Aboriginals in Niagara

Thousands of years ago Niagara was discovered by its first inhabitants, aboriginal peoples. The Neutral Indians have been recorded as one of the earliest native tribes residing in the Niagara region. It is estimated that in the early 1600s there were approximately 12,000 Neutrals living in the area, which made them the largest Native group in the Northeast in the 17th century. Their territory was situated around the western end of Lake Ontario and to the north of Lake Erie, and they claimed the land on both sides of the Niagara River. This entire district was called Onguiaahra, which means, “the strait” or “thundering water”. The name Niagara was derived from this Native word, and was also used to name the thundering waters.

The villages of the Neutrals were situated in the forests not far away from the waterways. This tribe had established semi-permanent villages in the area by the 17th century. The Neutrals like other Indian tribes used their surroundings to survive. They used the bark from local trees to make their homes and to build canoes for usage on the waterways for transportation. The Neutrals also learned how to harness the land. They grew beans, corn, and pumpkins and found many deer, elk, and beavers to hunt. They used the maple trees as a source of sugar and created flour from the acorn of the white oak trees. They also gathered nuts, berries, and herbs. The Neutrals were excellent fisherman and their diet consisted of many types of fish, as the waterways in Niagara were an abundant source of trout, sturgeon, and salmon. The men hunted and fished while the women gathered wild foods and prepared meat and hides. Children also had a role to play as they were expected to gather water and wood for the village.

The Neutrals received their name from, French explorer Samuel de Champlain when he came to the region in 1615. He named them “The Neutrals”, because they were neutral in the ongoing battles between the feuding Iroquois, who lived to the south of the Neutrals, and the Hurons who lived to the north.

The Neutral Indians would prove to not be the only Indian tribes residing in Ontario, the Huron and Petun resided north of Lake Ontario, with the Huron living around Lake Simcoe, and the Petun living near Lake Huron. The Erie and the Wenro lived to the southeast of Lake Erie, in present day New York.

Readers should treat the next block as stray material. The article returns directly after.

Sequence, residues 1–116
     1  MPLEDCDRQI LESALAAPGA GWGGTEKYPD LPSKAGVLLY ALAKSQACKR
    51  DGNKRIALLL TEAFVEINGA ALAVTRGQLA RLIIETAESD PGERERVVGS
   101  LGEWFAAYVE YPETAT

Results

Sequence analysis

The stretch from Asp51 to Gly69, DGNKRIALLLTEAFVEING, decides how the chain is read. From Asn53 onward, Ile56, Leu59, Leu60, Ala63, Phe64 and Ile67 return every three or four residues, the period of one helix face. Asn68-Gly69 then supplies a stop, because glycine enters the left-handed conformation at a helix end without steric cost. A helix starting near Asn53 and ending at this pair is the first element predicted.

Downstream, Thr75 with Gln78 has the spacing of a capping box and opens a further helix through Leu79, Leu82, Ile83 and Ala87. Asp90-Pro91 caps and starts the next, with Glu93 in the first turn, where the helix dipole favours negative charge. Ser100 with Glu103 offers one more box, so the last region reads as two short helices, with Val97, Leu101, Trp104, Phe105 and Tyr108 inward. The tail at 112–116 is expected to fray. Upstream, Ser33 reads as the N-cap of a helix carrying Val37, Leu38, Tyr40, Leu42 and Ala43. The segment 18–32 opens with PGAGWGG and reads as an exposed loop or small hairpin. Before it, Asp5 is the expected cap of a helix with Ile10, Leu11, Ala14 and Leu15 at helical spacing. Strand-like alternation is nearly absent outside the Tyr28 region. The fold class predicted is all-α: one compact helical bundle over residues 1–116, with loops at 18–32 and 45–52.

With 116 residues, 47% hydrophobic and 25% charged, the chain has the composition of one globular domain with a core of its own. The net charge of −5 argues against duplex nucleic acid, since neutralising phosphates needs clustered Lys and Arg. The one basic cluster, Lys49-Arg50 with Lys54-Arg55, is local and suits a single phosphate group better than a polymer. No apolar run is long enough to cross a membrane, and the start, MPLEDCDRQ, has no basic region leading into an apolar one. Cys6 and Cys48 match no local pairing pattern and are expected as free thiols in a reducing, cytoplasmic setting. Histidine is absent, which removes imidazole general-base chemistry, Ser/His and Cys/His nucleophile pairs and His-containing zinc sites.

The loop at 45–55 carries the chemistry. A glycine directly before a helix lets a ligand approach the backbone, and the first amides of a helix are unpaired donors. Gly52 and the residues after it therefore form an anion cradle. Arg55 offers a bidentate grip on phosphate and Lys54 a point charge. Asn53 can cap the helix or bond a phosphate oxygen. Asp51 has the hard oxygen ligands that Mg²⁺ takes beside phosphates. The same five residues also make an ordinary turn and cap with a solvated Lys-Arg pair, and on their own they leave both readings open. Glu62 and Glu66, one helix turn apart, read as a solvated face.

The Seneca, Cayuga, Onondgo, Oneida and Mohawk Nations lived to the south of Lake Ontario in present day western New York. These tribes spoke the Iroquoian language, and in the 15th century the Iroquois speaking tribes banded together and formed an alliance between each other, which was known as the League of 5 Nations or the League of Iroquois. It would eventually grow to 6 Nations by 1720 when the Tuscarora Indians migrated to the area from North and South Carolina and joined. Historians have determined that the league was established to bring unity and peace between the Iroquois-speaking nations. The league had a very successful political structure, and it is believed that it would later be the model for the first constitution of the United States.

The Great Lakes area had a large beaver population, which would prove to be very important for the local Indian tribes who had established well defined trading networks, trading furs along the St. Lawrence Seaway into Quebec. The Indians used the waterways for transportation and would portage the waterways in their canoes which were filled with beaver pelts.
The New York Iroquois, wanted control of the Niagara region for its abundant beaver stocks, and in 1652 they moved into the region destroying the Neutral Indians villages and claiming them as their own. Many of the Neutrals were forced eastward to Albany New York, however the majority of the Neutrals were systematically killed by the Iroquois and they ceased to exist as an Indian Nation by 1653. Surviving Neutrals assimilated with the Seneca and Huron tribes.
The New York Iroquois were also feuding with the Hurons who had established good trading relations with the French. The Iroquois demanded that the Hurons share the burgeoning fur trade with them. Talks broke down between the two tribes and the Iroquois turned to war to gain control of the area. Many Hurons perished in the ongoing feuds for domination of the area and the surviving members of the tribe would eventually flee the area. The Jesuit missionaries of Sainte-Marie Among the Hurons, who had settled in the area to convert the Native Indians to Christianity, also perished along with the Hurons. The Iroquois briefly settled in this area during the late 17th century.

Historians believe the Iroquois were an agricultural society. They were excellent farmers and grew mostly beans, squash and corn. They also ate fish and meat when available, but their diets primarily consisted of vegetables, because farming provided a much more stable supply of food than did hunting. They lived in fairly permanent settlements, occupying territory for 15-20 years until their fields were exhausted of their supply. The Iroquois lived in wooden long-houses, where several families cohabited.

The Iroquois were known as fierce fighters and they were feared by Indian tribes and settlers alike. They set their sights on domination of the entire fur trade and for 10 years they pillaged the land, killing other tribes in their wake. The Iroquois were trading furs with the Dutch, who had threatened to cut off their supply of guns if the Iroquois stopped providing them with the highly sought after beaver pelts. They held control of both sides of the St. Lawrence to the rapids and the fur trade, until French settlers arrived in the 17th century.